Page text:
Stars of Yesterday - FSU Gymnasts
By Jim Joanos
As I write this, final preparations are being made for this year's annual reunion of former Florida State University gymnasts. By the time you read it, the activities during the weekend of May 21 through 24th will have already taken place. Main headquarters for the event this year as it has been for most years is at Barbara Withers' Alligator Point house.
Getting the former gymnasts back together periodically began rather informally or unofficially back around 1961 when following a gymnastics event on the FSU campus, a number of them met and socialized at Wakulla Springs the following day. By 1981 they had begun having "official" reunions, the first of which was organized and hosted by Jack Miles, one of the most outstanding of the former performers, in his hometown of Fort Lauderdale. The second and most of the reunions thereafter have been hosted by Withers at Alligator Point. They did go to Plant City in 2002 and in Tampa in 2003. As usually is the case, plans for this year's celebration included lots of reminiscing, visiting and other activities at several locations in Wakulla and Franklin Counties. Somewhere in the process, plans are to discuss the current project of the group to raise funds to have a commemorative statue created by famous Tallahassee sculptor (and painter) Ed Jonas, a former FSU gymnast, and placed on the FSU campus as a reminder of the great gymnasts that once performed there.
The story of men's gymnastics at FSU is a powerful one. The FSU men's gymnastics program in the short time that it existed was extremely successful. FSU, for several years, was even known as the "Gymnastics Capitol of the Nation." FSU accomplishments included five national championship teams, numerous individual national championships, and no less than 7 Olympians, 26 All-Americans, and several who represented the United States at the Pan American games.
In 1947, shortly after World War II ended, Florida State College for Women, became coeducational and renamed Florida State University. FSU took immediate steps to establish a men's intercollegiate athletics program. At some time during the first school year (1947-48), FSU's Athletic Director, Howard Danford, attended a physical education conference in Kansas City, Missouri, where he met Hartley D'Oyley Price, the gymnastics coach of the University of Illinois. Apparently, Danford was so favorably impressed by Price that shortly thereafter he asked Price to come to FSU, teach physical education and begin a gymnastics program. Surprisingly, Price accepted.
Hartley Price had been born in Brisbane, Australia in 1902, and came to the U.S. at the age of 21 to continue his education. Early in his career he had become a faculty member of the University of Illinois where in 1930, he became the head gymnastics coach. His teams at Illinois won four national collegiate, two national AAU, and five Big Ten Conference championships. However, Price's career at Illinois was interrupted by World War II. He joined the United States Navy and rose to the rank of Lieutenant Commander. When the war ended he went back to the University of Illinois and soon thereafter he accepted the job at Florida State.
There was not much to work with when Price got to Tallahassee during the 1948-49 school year. Essentially, he had to start from scratch. Several seasoned gymnasts who had earlier planned to go to the University of Illinois followed Price to FSU. The most noteworthy was William H. "Bill" Roetzheim. FSU began intercollegiate competition in men's gymnastics in 1950. In addition to competing against other colleges, that team as well as the others that followed, competed in Amateur Athletic Union events. At the time, AAU competition was tougher than that of the NCAA as it included a larger group of amateur teams and athletes.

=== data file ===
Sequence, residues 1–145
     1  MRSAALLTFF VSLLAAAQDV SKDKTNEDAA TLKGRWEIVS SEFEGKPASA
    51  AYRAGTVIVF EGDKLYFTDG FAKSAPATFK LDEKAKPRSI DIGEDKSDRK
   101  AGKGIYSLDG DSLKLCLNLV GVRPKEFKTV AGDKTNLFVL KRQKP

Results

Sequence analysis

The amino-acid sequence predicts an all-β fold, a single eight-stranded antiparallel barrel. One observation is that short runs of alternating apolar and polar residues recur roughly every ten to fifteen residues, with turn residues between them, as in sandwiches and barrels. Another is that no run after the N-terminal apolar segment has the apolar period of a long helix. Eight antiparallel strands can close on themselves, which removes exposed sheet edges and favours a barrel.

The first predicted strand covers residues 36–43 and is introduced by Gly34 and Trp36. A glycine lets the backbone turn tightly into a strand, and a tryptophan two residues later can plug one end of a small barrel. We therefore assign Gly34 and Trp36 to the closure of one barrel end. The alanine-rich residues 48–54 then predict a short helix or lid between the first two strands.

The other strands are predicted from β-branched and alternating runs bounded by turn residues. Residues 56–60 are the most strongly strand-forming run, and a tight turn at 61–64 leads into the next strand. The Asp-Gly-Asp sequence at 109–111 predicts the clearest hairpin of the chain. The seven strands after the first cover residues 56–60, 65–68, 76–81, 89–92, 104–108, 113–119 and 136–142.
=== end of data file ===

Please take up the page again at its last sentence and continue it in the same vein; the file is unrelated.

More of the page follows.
In 1951, at a meet in Ann Arbor, Michigan, FSU 's gymnastics team won the first ever NCAA Championship by a team from the State of Florida in any sport. They also won the AAU national championship held in Detroit, Michigan that same year. In the following summer, Roetzheim represented the United States at the first Pan American Games in Buenos Aires, Argentina, where he not only won first place in the horizontal bars competition, but also won the overall gymnastics individual championship. In 1952, the FSU team repeated as NCAA national champion. That summer, FSU gymnasts Bill Roetzheim and Don Holder competed as members of the U.S. team at the Olympic Games in Helsinki, Finland.
FSU remained very competitive at the national NCAA meets through 1959. The Seminoles won two more national AAU championships in 1953 and 55. Of special note was the FSU team's competition against national teams from other countries. In 1954 in Tallahassee, FSU took on the world champion Swedish National team and defeated them. The Seminoles repeated the following year when the touring Swedish team again came back to Tallahassee. In 1956, the FSU team traveled to Havana, and beat Cuba's National team.
Athletic director Howard Danford left FSU in 1957. Danford had been a big supporter of an all-round program that placed emphasis upon a large number of sports. The athletics directors following him, faced with limited resources, cut down on the number of athletics teams to be financed at the intercollegiate level. Men's volleyball, as a varsity sport was terminated after the 1957 season. Gymnastics hung on longer because of Dr. Price's and the team's popularity but ultimately by 1961 the school had withdrawn intercollegiate financial support for the sport. For a number of years thereafter, Coach Price continued to lead the gymnastics team as a club sport. It was even expanded to include women's participation.
Price retired from FSU in 1971 and died in 1977. With Price's passing, FSU's major pioneer role in the US's collegiate men's gymnastics world ended. It may have been a short one but it was a great run!